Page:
“This is probably just Trump’s desire to troll — to use contemporary language — his G-7 partners,” said Vladimir Batyuk, an analyst at a Russian government research institute, according to the official RIA Novosti news agency. “It’s not likely there’s a thought-out, serious policy behind these words.”
A European diplomat said that Russia’s misbehavior in the world has only grown worse since it was ejected from the G-8 after annexing Crimea, including “attempts to undermine democracy in Europe.”
“It is not appropriate for Russia to rejoin until we see it behaving responsibly. Putin should get nothing for free,” the diplomat said, declining to be identified by name or by country.
Trump has periodically expressed skepticism about the U.S. intelligence community’s conclusion that the Kremlin meddled in the 2016 election that he won, and he has forcefully rejected assertions that Russia was responsible for his victory. He and Putin occasionally speak by phone — the Russian president has hinted the calls happen more often than the White House has publicly acknowledged — and they have met twice overseas since Trump was inaugurated.
And the president has grown increasingly antagonistic toward Special Counsel Robert Mueller, who is investigating whether Trump’s campaign colluded with the Kremlin in its election machinations.
“When and where will all of the many conflicts of interest be listed by the 13 Angry Democrats (plus) working on the Witch Hunt Hoax,” Trump said of the probe on Twitter Thursday. “There has never been a group of people on a case so biased or conflicted. It is all a Democrat Excuse for LOSING the Election.”
On Wednesday, the only member of Congress Trump congratulated by name for winning a primary election was Representative Dana Rohrabacher, a California Republican who has cultivated such close ties to the Kremlin that the FBI warned him in 2012 he was regarded as a Russian intelligence source, according to the New York Times.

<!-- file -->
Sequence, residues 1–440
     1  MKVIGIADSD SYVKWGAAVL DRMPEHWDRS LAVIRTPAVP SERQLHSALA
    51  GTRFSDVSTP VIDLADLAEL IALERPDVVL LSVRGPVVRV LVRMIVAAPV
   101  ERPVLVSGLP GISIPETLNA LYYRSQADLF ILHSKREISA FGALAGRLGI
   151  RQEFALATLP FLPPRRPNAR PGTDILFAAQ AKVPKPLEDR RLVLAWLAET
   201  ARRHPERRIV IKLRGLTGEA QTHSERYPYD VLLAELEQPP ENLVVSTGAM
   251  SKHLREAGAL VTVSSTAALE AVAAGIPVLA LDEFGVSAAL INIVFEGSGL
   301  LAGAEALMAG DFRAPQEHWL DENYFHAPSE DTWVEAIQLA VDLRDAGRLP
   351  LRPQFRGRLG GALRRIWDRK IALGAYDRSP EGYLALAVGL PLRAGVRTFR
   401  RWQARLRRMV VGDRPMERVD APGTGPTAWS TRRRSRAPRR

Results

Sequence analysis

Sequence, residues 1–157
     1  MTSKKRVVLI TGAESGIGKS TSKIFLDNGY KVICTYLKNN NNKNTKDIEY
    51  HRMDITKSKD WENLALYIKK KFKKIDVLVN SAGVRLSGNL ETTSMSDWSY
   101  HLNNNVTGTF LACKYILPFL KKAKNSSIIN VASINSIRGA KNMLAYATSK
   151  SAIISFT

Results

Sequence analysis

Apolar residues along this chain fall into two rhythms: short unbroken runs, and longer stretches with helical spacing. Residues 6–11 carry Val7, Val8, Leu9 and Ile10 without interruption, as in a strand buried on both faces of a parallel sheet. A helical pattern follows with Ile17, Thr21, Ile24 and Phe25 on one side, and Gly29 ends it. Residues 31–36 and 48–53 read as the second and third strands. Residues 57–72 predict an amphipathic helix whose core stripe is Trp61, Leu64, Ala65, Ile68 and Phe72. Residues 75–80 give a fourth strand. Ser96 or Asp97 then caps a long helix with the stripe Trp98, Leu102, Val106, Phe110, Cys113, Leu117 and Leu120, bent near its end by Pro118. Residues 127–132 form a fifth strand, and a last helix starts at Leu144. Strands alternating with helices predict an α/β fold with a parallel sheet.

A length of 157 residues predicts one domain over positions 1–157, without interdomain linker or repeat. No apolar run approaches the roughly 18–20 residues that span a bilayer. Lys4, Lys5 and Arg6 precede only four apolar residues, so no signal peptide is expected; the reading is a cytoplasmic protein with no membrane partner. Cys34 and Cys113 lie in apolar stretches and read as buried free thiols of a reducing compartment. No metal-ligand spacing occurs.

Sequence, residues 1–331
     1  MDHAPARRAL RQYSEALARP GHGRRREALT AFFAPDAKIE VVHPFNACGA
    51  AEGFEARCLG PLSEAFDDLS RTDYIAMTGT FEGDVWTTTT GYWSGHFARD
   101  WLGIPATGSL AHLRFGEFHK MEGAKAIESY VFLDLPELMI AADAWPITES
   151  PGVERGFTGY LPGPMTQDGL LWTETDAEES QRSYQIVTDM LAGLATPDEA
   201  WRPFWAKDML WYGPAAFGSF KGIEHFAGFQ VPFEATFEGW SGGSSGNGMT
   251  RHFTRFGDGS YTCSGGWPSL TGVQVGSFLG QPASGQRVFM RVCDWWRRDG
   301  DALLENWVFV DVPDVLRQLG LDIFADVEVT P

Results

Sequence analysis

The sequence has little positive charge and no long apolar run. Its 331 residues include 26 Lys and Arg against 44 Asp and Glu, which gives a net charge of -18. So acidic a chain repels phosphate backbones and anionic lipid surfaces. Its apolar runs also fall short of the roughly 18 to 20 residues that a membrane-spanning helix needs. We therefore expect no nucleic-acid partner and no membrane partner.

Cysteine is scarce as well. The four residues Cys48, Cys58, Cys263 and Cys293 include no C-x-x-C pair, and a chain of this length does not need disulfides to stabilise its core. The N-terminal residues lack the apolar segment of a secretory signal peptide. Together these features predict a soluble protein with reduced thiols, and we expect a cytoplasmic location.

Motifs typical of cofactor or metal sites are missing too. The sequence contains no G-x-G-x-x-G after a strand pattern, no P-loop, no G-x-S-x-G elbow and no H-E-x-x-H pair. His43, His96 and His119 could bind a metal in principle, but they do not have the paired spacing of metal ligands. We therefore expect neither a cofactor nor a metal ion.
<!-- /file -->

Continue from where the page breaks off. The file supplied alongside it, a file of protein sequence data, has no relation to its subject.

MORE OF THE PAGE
Representative John Yarmuth, a Kentucky Democrat, joked on Twitter after Trump’s G-8 remarks: “Say what you will about Trump, he sure is loyal to the country that elected him.”
Yet, at the same time Trump appears eager to cozy up to Moscow, his administration is maintaining an economic sanctions regime against Russia even stronger than under President Barack Obama. On top of penalties Obama imposed in 2014 after Russia’s annexation of Crimea and 2016 for Russian election-related cyber attacks, the Trump administration imposed sanctions in April on Russian billionaire and Putin ally Oleg Deripaska and companies that are part of his business empire, including United Rusal Co., Russia’s largest aluminum producer.
Rusal has been savaged by the sanctions, warning of credit defaults if it remains blocked from the U.S. financial system.
Public statements such as his advocacy for Russia to be re-admitted to the G-8 risk weakening the sanctions regime, however.
“When you say this, it undermines the strong actions this administration is taking against Russia,” said Brian O’Toole, a former senior adviser in Treasury’s sanctions office under Obama and now a senior fellow at the Atlantic Council. “It undermines the deterrent effect that the sanctions would have and it may make Russia expect it can get away with more without getting punished.”
Justin Sink, Margaret Talev and Saleha Mohsin are authors at Bloomberg Quint.